A question came up on Reddit recently from a developer who wasn't sure about when to use <section> elements as opposed to a <div>. I think this is a really good question and it seems that everyone uses it differently - I know I've got my own rules in my head about it. So I thought I'd take a deeper look at when to use <section>.

The <section> element #

According to WHATWG (which is now the official HTML living standard): "The section element represents a generic section of a document or application. A section, in this context, is a thematic grouping of content, typically with a heading."

It goes on to list some examples of sections as being: "...the various tabbed pages in a tabbed dialog box, or the numbered sections of a thesis. A web site's home page could be split into sections for an introduction, news items, and contact information".

This makes sense but where should we draw the line on whether something should be a section? Well the spec also says the following: "A general rule is that the section element is appropriate only if the element's contents would be listed explicitly in the document's outline.".

Ok, but what is this document outline the spec refers to? Well, the document outline is meant to describe the structure of a webpage based on its headings and other landmark information.

Part of the idea of the document outline was that instead of setting discrete heading levels (e.g. <h1>, <h2>, <h3>) an author could instead use multiple <h1>s inside sectioning elements (such as <article>, <aside>, <nav> and <section>) and the browser could work out the appropriate heading levels based on how far the content was nested.

Unfortunately, the document outline algorithm was never implemented in browsers (despite examples still appearing in the WHATWG spec) which means that <section> doesn't have any of these superpowers. This makes it effectively a fancy wrapper element.

When to use the <section> element #

Despite the lack of a document outline, I think it still makes sense to use <section> to help separate large blocks of content on a webpage, even if the main benefit is just more readable code.

I think it also makes sense to also include a heading inside <section> as this helps make it clear to the user that they are interacting with a different block of content.

<!-- section with a heading -->
<section>
<h2>Our pricing</h2>
<p>Check out our different levels of pricing....</p>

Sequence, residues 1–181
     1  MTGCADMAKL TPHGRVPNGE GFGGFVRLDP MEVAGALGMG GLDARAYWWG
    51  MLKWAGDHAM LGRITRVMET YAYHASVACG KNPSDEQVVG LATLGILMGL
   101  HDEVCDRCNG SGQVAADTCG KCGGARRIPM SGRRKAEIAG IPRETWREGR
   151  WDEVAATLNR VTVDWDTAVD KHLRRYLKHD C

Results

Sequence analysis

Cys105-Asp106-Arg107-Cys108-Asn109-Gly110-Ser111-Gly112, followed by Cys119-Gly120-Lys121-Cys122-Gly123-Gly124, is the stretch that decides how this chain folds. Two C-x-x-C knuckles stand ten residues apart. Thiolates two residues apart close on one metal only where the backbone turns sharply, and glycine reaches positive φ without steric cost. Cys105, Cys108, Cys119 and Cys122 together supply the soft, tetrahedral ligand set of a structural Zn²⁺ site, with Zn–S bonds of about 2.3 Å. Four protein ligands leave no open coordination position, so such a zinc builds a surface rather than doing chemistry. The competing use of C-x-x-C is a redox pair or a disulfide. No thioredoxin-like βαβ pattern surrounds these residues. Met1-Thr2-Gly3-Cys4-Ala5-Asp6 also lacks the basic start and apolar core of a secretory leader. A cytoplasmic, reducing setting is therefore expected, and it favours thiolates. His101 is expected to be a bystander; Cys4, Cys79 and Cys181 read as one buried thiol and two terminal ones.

</section>

When to not use the <section> element #

Since there isn't a clear cut rule about when to use the <section> element, it makes sense to think about when another element would be the better choice instead. In HTML5 we have a bunch of other semantic elements (such as <article>, <nav> or <aside>), and if one of these is a better fit then go ahead and use it over <section>. See Why you should choose HTML5 article over section.

Also note, that if you're just wrapping content for styling purposes then using a <div> element (or multiple <div> elements) is absolute fine and is in fact preferable to adding semantics where none is required.

Does <section> have any accessibility benefits? #

As far as I can tell, the <section> element isn't used by assistive technology by default. However, if you give the section an accessible name (e.g. via aria-label or aria-labelledby) then it will be exposed as a region to screen reader users allowing them to jump to it via a keyboard shortcut.

This could be useful for important content which may be buried deep in a page such as a pricing table on a marketing site, or cart information on an e-commerce site.

<!-- Announced as 'legal region' in Voiceover -->
<section aria-labelledby="cart-info">
<h2 id="cart-info">Card Information</h2>
<p>Here are your order details...</p>
</section>

Finally, I started this article with a pre-conceived idea about the right way of using <section> but it seems that there in fact isn't a clear answer and in the end it isn't really worth worrying about. Instead, there's plenty of other accessibility issues which will have a bigger impact on your website/app.